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Upcoming EU Commission Cabinet Will Consist Of Half Women: Ursula Von Der Leyen

The nominee to replace Jean-Claude Juncker as the next president of the European Commission said her administration would consist of half females and half men.

Ursula von der Leyen has requested the EU Member States to nominate two individuals, a man, and a female, as their applicants to be their EU Commissioners in order to guarantee that the positions can be fairly split between genders.

The president of the Commission leads a school of commissioners from the 28 member countries – a cabinet government for the executive of the EU. The Commission is accountable for suggesting fresh EU laws that the parliament and council must scrutinize.

The President allocates a portfolio such as agriculture, safety, or finance to each member state. However, the Commissioners do not report to member states and are bound to behave in the interests of the entire union.

“I want a Commission with half a male commissioner and half a female commissioner,” von der Leyen said at a conference with MEPs in Brussels.

Ms von der Leyen will be the Commission’s first female chairman if she is confirmed by MEPs in a vote in the European Parliament planned for Tuesday. Parliament also has to sign off the commissioners’ team after a safety phase.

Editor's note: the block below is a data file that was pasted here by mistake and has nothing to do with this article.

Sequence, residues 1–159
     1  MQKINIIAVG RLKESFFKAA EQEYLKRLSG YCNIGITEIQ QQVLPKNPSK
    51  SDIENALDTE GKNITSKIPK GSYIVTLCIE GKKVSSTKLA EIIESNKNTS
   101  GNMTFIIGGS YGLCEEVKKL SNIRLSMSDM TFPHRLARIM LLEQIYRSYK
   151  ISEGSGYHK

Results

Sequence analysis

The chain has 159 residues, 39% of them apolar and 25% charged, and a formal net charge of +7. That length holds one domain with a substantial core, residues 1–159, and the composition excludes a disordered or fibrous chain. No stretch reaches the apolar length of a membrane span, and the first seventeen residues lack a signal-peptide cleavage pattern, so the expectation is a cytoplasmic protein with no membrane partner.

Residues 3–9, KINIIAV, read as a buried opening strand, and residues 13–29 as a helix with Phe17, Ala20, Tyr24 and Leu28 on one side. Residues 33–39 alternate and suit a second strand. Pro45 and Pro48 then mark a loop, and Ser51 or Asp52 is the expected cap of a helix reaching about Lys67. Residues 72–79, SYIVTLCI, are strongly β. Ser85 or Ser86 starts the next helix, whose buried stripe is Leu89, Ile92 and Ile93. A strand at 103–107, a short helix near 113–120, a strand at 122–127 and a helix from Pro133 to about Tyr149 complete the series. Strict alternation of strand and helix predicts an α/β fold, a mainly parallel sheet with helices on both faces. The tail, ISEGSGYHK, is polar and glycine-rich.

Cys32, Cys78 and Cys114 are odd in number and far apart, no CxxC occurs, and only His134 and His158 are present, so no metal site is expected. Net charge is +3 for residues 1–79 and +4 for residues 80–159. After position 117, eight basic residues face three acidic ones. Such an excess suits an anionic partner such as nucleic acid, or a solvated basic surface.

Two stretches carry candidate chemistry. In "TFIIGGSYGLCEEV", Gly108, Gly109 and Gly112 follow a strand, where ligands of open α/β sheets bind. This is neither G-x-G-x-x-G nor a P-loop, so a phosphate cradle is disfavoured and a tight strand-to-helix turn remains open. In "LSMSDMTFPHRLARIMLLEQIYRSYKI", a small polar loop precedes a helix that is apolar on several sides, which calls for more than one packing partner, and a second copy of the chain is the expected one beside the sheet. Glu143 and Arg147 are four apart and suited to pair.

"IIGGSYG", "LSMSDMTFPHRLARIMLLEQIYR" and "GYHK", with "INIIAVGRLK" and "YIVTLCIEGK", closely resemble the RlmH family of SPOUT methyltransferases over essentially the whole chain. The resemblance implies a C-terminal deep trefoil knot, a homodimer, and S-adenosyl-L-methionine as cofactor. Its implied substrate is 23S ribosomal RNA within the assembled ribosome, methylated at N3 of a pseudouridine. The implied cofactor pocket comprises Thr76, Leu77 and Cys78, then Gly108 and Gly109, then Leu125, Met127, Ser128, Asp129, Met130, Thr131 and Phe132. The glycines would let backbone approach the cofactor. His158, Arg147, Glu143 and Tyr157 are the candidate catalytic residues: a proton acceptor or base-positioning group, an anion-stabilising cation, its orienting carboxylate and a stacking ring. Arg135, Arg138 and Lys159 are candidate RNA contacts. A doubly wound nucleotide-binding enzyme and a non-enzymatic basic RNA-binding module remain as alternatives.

The current cabinet of the Commission, known as the Commissioners College, has 19 male commissioners and only nine female commissioners.

When Mr. Juncker established his college in 2014, he asked member states to nominate women applicants for gender equilibrium, but it was ineffective. Ms von der Leyen’s fresh strategy of having two nominations from each member country— one of which will be selected— is an effort to overcome the last time’s issues.

The German conservative Ursula von der Leyen has won the support of the absolute majority in the European Parliament on Tuesday and thus will be the new president of the European Commission from autumn.

Von der Leyen thus becomes the first woman to enter the position, which has six decades of history. The German gets the post after a tight vote,  backed by 383 votes, with 327 against and with 22 abstentions, which has been held in Strasbourg, France, so it has only achieved 9 votes above those essential to access the position.

And he has done so after giving a passionate speech that has influenced social, environmental and feminist issues. Von der Leyen was proposed by the European Council earlier this month after European leaders dispensed with the main candidates of the groups for lack of consensus to opt for one.